This “Damascus Road experience” transformed Paul’s life. He went from persecutor to proclaimer of the gospel. And he was appointed an official apostle or messenger of Jesus Christ, with specific instructions to take the good news of salvation to the Gentiles. And Paul wanted the believers in Colossae to understand that he had divine authority to speak to address the situation taking place within their local congregation. Paul spent a great deal of time defending his rights to speak on behalf of Christ because there were those who attacked his apostolic credentials. But Paul pushed back on these critics, declaring his God-given authority to speak on behalf of Jesus.

“I was not appointed by any group of people or any human authority, but by Jesus Christ himself and by God the Father, who raised Jesus from the dead.” – Galatians 1:1 NLT

So many of the churches that Paul helped establish were being targeted by men who claimed to be speaking on behalf of God but who were teaching false doctrines and leading the people away from the simplicity and integrity of the gospel. Many of these men were eloquent and influential speakers who derided Paul’s ministry and portrayed him as a charlatan. But Paul refused to let these individuals destroy what God had built.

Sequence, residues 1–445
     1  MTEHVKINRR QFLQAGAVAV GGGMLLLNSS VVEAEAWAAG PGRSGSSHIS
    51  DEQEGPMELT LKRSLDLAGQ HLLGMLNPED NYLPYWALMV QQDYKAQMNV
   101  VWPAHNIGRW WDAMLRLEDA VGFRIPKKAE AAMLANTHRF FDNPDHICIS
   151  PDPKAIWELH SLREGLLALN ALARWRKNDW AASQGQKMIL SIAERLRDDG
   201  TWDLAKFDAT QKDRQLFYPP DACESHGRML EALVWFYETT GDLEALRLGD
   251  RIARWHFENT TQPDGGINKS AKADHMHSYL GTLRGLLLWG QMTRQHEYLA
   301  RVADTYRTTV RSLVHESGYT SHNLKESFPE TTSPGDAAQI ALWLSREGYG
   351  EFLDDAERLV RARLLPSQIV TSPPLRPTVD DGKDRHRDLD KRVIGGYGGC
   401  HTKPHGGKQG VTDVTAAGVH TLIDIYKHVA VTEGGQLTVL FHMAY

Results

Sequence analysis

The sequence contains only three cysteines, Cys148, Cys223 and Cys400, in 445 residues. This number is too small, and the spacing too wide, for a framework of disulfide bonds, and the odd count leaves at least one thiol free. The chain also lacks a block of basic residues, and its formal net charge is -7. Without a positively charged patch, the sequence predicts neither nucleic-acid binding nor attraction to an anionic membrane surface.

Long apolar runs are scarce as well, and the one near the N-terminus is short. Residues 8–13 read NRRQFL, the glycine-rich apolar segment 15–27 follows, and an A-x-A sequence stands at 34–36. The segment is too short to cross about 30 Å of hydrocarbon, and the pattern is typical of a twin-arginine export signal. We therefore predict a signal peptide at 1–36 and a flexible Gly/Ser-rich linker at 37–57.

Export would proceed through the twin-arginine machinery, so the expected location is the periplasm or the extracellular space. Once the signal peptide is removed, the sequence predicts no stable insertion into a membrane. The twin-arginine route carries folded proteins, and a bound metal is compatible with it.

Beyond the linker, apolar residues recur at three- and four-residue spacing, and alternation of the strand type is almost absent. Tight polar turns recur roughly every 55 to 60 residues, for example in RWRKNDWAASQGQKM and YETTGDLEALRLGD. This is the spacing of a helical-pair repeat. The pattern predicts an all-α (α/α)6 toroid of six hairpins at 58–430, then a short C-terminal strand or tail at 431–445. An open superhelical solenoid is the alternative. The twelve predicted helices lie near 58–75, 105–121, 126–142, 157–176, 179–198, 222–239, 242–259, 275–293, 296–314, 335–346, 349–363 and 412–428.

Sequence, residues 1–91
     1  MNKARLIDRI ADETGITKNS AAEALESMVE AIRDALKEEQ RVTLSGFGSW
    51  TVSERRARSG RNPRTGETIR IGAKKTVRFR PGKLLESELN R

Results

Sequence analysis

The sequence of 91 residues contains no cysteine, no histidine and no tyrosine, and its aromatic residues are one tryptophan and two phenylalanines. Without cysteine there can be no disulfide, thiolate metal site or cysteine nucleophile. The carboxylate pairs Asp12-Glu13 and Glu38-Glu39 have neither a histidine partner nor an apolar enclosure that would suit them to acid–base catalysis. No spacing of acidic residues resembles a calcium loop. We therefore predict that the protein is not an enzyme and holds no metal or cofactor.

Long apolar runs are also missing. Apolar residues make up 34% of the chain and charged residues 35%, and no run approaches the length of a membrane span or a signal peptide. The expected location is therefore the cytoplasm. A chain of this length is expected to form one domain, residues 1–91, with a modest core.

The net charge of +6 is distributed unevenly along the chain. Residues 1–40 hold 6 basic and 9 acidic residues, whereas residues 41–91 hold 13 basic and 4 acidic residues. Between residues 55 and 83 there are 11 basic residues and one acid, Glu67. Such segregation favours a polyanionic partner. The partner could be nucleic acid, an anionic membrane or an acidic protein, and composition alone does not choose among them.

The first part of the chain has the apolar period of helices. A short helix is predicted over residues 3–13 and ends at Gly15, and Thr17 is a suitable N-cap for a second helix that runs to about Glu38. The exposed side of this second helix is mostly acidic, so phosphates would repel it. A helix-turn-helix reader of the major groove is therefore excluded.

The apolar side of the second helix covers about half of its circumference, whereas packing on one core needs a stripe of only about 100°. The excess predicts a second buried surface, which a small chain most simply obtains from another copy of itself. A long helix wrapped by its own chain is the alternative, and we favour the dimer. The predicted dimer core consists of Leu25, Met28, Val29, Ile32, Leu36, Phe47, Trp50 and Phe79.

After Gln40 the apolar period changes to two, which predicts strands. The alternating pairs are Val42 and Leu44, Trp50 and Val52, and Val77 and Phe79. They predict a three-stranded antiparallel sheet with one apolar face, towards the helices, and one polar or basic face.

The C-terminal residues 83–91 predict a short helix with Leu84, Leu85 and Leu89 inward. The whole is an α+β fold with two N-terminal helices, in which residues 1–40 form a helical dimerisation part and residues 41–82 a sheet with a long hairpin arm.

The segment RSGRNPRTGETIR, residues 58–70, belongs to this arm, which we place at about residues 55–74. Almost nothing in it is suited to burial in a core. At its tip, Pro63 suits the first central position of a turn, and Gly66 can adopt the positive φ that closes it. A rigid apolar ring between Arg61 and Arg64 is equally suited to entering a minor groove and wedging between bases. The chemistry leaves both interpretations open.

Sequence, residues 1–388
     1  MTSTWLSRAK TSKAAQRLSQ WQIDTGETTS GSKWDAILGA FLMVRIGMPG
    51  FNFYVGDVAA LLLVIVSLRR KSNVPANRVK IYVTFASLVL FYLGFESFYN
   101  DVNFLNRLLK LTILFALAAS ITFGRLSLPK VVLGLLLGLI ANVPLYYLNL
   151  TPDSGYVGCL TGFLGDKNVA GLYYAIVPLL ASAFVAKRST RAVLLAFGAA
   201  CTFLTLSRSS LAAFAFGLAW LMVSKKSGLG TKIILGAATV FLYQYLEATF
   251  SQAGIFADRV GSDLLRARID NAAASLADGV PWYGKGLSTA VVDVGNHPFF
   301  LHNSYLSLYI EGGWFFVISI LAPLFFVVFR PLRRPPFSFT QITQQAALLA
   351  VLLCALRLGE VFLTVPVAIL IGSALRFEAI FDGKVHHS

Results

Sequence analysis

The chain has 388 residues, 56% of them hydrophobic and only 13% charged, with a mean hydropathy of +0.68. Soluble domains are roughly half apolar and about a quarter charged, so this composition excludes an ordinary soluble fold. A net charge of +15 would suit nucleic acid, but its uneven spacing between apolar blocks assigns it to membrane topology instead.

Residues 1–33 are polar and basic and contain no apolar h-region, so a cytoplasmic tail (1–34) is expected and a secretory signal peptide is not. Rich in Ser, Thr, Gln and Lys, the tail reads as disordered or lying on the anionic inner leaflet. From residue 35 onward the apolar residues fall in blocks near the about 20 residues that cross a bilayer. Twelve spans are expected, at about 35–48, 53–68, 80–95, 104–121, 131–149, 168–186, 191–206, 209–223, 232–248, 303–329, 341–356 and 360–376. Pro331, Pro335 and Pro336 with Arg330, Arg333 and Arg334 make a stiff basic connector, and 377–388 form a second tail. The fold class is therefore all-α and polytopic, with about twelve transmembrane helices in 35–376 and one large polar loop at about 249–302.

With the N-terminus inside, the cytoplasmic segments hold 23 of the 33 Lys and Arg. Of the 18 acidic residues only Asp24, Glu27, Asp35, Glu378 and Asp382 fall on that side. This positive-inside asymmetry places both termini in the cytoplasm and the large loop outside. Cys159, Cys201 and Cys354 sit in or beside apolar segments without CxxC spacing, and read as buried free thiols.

“But I will continue doing what I have always done. This will undercut those who are looking for an opportunity to boast that their work is just like ours. These people are false apostles. They are deceitful workers who disguise themselves as apostles of Christ.” – 2 Corinthians 11:12-13 NLT

So, as Paul wrote the believers in Colossae, he opened his letter with a declaration of his apostleship. He wanted them to know that what he was about to tell them was divinely inspired and not just the thoughts of a man they had never met. He was about to divulge to them the will of God concerning their situation, and it would pay for them to listen. And Paul let them know that he was not alone in his concern for them. His protégé and fellow minister of the gospel, Timothy, stood with him in his message of encouragement and admonition.